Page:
Finally, our first sailing lesson. It seems like a lot longer ago than four months that we decided to embark on this adventure. And it has not gone by fast, but as Jane said on the way home from Hoofer Sailing Club, we are on our way.
23 April 2011
13 April 2011
|Ean at the helm|
We flew into Ft. Lauderdale and immediately hightailed it for St. Augustine in our rental car. Not our smartest move considering that we were driving on about 4 hours’ sleep. Ultimately worth it, though. St. Augustine is nicknamed “The Ancient City” and has the distinction of being the oldest city in the U.S. It’s a great walking city with Spanish architecture, streets and streets of shops (in one of which Jane found the perfect sun hat and in another one of which I got my Tilley), and attractions such as the restored St. Augustine lighthouse and the Castillo de San Marcos, a Spanish Fort that, despite many turnovers in local government over the centuries (The Spanish, the British, the Spanish again, etc.), had never been taken over by force, only by treaty.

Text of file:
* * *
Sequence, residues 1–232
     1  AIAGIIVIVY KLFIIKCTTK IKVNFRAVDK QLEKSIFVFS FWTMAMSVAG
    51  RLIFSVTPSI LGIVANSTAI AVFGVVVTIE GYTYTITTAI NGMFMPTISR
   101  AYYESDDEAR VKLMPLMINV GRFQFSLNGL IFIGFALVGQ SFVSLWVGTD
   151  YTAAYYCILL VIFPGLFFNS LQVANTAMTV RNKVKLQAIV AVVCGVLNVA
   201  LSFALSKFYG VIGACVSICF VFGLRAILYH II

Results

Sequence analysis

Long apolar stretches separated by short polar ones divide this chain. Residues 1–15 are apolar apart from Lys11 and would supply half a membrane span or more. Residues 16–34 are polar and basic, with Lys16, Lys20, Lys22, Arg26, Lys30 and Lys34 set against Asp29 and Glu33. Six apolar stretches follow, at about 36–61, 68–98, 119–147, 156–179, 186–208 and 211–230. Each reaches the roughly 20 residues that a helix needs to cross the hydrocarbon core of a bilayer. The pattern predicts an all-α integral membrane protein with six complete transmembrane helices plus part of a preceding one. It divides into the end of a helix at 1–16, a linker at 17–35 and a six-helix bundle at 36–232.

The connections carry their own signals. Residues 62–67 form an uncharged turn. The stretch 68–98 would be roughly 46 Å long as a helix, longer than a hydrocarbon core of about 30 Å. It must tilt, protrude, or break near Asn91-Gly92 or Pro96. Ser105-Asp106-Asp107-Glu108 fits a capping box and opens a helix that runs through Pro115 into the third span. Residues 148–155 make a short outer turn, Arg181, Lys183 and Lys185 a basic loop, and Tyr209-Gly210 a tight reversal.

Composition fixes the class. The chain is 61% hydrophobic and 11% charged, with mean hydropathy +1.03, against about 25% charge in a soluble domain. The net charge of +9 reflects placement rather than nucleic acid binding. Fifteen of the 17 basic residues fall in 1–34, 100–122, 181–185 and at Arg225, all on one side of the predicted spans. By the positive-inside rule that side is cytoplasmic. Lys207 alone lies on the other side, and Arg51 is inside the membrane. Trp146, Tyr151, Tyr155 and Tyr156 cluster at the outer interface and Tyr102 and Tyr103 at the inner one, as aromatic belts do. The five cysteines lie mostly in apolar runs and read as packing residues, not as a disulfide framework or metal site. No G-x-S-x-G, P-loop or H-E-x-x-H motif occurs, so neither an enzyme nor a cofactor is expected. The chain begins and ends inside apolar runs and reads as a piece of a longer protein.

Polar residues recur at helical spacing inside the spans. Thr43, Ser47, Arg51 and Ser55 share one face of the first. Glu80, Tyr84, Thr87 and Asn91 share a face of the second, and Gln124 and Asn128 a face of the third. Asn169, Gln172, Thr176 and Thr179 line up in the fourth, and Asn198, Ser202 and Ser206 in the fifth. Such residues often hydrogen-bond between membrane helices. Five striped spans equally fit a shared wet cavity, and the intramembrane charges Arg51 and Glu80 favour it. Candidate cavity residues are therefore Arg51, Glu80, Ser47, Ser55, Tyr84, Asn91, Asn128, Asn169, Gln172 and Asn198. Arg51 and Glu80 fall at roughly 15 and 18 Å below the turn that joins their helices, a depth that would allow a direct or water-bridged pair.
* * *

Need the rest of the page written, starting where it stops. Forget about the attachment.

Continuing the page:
St. Augustine also has a beautifully maintained municipal marina, wherefrom we went on our first catamaran ride. Not on a cruising cat, however, this was a 27 foot racing cat owned by St. Augustine Eco-Tours. Beside Captain Aaron, just 2 sisters shared our two-hour dolphin-spotting tour of the inlet leading to the ICW. It turns out that Aaron and his family live aboard their boat, so we had a lot to talk about. Considering it was our first time aboard a cat underway, it didn’t feel new at all, really. Just one more experience to further convince us that we’re making the right decision.
03 April 2011
Milwaukee, we have to admit, has its charms, though few and far between they may be--at least for us. In acknowledgement of this we have, under the category of "regret minimization," compiled a list of places we want to go and things we want to see before we say "fare thee well" to this part of the world.
One of the items on our list is the Mitchell Park Conservatory, a.k.a. "The Domes" named for the triple geodesic dome-shaped structures in which are housed various biospheres. We have turned this into an annual pilgrimage at about this time for each of the past several years. Our trips generally coincide with that discrepant period between calendrical and actual spring, when we become driven to distraction by our need for warmth and humidity and green--signs of life that the out-of-Domes world won't produce for weeks yet.
|exotic specimens--for now|